Three swimmers sign
Three Hastings swimmers signed their national letters of intent to swim collegiately starting in the fall of 2010.
Elliott Wilcox will swim at the University of North Dakota.
Leah Roesler will swim at the University of Wyoming.
And Emily Alitz will swim at the University of South Dakota.
All three are Division I programs.
"They've all decided this is something they really want," Hastings Area Swim Team coach Kim Olson said. "They want to try Division I. They are going to take their shot. They want to give it a whole-hearted effort.
"They know it's going to be hard. It's not like they're going into it thinking, 'Well, I'm fast so I deserve this.'"
Wilcox was all-state in two events last year for Hastings. He placed eighth in the 50 freestyle and seventh in the 100 butterfly.
Wilcox was always known as a big-time swimmer in a little body. That has changed.
"He is definitely bigger and stronger this year than he was last year at this time," Rupp said. "He has put on some mass and has worked really hard over the last year. He was always a little guy - he was short in stature, but showed a lot of heart in his races."
Wilcox has a few big goals this year, including breaking the 16-year-old school record in the 50 freestyle. Jeremy Witikko set the school record of 21.45 seconds. Last season, Wilcox had a time of 22.2, so he's within striking distance, Rupp said.
Wilcox also wants to set the school record in the 100 butterfly.
He won the Zone Championships over the summer in the 50-meter freestyle, a sign he's become one of the best sprinters in the area.
"He trains hard," Rupp said. "The kid has a great work ethic. He probably learned some things from swimming with Phil Seleskie on what it takes to train at that level and excel. I think he learned from an excellent teacher there."
Olson said Wilcox can be even better than he is now. His growth spurt will help, she said.
He excels at the racing, she said.
"If he is in the race, he has the finishing drive," Olson said. "That will to try to win. Not everybody has that."
Leah Roesler just placed sixth in the state in the 100 butterfly and broke a 20-year-old Hastings school record in the process.
The record was held by Staci Bechel, and she set it in 1989.
Roesler had a time of 57 seconds flat at the state meet, her final race as a Hastings swimmer.
"She's one of those kids who has been very quiet her entire career," Rupp said. "She just gets in the water and does her workouts. She's truly one of the nicest kids. She's always positive, always has a smile on her face. She's the kind of kid you want around.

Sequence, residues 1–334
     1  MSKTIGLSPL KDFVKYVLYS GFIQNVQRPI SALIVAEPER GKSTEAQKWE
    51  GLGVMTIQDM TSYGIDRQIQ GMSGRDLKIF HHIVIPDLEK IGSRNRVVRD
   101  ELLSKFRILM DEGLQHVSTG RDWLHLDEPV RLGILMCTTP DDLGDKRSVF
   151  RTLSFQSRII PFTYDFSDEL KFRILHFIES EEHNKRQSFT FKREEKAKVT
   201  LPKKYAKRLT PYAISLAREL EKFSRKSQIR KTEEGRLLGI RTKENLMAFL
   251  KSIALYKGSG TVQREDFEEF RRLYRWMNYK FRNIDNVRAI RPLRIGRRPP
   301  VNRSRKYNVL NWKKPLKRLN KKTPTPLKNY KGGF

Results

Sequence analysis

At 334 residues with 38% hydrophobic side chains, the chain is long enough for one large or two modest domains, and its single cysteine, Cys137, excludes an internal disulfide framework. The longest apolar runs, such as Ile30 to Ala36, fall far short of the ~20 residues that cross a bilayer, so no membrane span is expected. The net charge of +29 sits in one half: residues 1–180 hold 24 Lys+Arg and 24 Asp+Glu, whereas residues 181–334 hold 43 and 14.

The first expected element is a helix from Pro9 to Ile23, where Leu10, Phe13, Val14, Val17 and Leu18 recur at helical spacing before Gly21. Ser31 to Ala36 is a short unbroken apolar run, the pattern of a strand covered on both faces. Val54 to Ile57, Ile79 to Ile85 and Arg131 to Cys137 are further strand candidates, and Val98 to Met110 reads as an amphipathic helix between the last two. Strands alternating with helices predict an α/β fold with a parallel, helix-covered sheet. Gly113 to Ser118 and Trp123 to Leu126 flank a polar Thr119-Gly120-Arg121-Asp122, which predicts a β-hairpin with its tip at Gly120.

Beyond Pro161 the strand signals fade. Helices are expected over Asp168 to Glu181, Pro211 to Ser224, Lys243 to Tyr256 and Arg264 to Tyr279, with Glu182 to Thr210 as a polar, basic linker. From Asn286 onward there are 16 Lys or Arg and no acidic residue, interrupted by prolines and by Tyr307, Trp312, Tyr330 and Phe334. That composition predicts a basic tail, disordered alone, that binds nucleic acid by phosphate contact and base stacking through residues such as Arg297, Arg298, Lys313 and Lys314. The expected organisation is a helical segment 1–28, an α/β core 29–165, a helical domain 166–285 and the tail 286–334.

"You like to see a nice kid like her get this kind of achievement."
Roesler swam the anchor leg on all three relays throughout the season.
"Leah is one of those kids who just loves swimming all the time," Olson said. "She's a good kid. She's always a contributing team member. Sometimes, in high school, you don't always have that. She's steady as she goes.
"She just really loves the sport. That's a blessing to have. She wants to be there, she wants to train. She's not looking for ways to get out of it.
"She'll be even stronger in college."
Alitz has been Hastings' No. 1 breaststroker since her sophomore season, and the team's top swimmer in the individual medley since her sophomore season. She swam in two relays and one individual event (the breaststroke) at the state meet this year.
"Without a doubt, she was the hardest worker on the team," Rupp said. "She comes to practice every day and gives 120 percent. She, literally, is laying on the deck after each set. That's how much she gives of herself. As a coach, you love to see that."
Alitz will swim at the University of South Dakota, where her coach will be former Hastings swimmer Jason Mahowald. Sallie Collins, a Hastings graduate, is also on the team in Vermillion, S.D.
Rupp said Alitz hopes to be a podiatrist.
"She's a very smart kid, on the honor roll her entire career," he said. "She is driven to excel."
Olson had words of praise for Alitz, too.
"She has a really good work ethic," Olson said. "She is a hard worker, and she is a team player. She hasn't hit her full potential yet.
"She trains like someone who should be even faster than she is. I've had kids like that who go on to college and they do really well."